There’s no one way to grip a golf club. Just look at players on tour and you’ll see a range of different golf grips. It’s about finding the right grip for you, that matches your unique body.
If you think your grip is off and you’re not sure what to do, here’s a way you can check.
Your first check point will be your ball flight, which includes the start direction of your ball. The next time you are on the range, place a ball on the ground, then take an alignment stick or golf shaft and walk ten paces directly in front of your ball. Insert the stick in the turf directly in line between your shaft and your target, like you see below.
Now hit a group of shots (I’d suggest five-to-10), paying attention to whether your ball starts out to the right, center, or left of the stick.
Pay attention to what is happening to the golf ball. Watch the flight of the ball as it flies beyond the stick to see which way it’s spinning. This will give you the information you need to then make your grip adjustment accordingly.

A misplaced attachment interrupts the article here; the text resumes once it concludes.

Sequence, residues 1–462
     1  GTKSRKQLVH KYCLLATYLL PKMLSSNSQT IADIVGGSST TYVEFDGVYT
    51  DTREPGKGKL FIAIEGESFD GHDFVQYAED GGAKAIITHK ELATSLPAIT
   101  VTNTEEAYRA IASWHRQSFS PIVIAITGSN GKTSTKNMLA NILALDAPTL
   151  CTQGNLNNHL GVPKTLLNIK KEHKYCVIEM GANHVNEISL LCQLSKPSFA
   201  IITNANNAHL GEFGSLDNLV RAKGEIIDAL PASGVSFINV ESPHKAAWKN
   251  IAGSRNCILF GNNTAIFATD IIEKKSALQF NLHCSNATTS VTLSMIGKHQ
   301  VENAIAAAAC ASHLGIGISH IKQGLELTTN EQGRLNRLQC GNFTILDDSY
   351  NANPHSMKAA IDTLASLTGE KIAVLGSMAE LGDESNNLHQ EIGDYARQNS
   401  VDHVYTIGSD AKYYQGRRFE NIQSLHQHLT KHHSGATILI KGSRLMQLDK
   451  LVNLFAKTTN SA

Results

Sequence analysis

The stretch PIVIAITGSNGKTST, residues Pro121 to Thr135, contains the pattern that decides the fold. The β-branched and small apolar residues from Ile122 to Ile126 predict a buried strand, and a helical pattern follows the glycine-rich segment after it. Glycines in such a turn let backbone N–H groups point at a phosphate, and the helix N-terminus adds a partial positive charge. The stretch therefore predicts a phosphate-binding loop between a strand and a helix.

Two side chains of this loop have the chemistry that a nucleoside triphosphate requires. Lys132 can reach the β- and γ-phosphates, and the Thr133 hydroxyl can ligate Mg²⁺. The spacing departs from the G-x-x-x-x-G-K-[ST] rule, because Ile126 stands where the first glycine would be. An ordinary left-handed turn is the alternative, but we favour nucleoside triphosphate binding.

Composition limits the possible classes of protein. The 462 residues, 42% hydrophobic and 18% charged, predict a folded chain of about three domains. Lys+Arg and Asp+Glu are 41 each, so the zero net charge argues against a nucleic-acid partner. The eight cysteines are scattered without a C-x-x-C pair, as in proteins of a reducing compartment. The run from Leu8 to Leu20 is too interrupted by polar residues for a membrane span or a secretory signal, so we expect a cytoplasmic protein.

For example: If your ball is starting to the left of the stick — aka, your target — and curving left, that means your clubface is closed in relation to the path that it was swinging. Check out your right-hand grip to see if your placement if ‘under’ the shaft. If it is, start to hit balls with a more neutral grip where your palm is aimed more towards your target rather than facing the sky.
If the opposite is happening, your grip may be too weak. In this case, you may need to move your right-hand grip so it’s more under the shaft, like you see below.
If you can’t correct your ball flight on your own, please contact a PGA instructor who will know a variety of assessments that will allow you to learn the grip that best suits your physical makeup.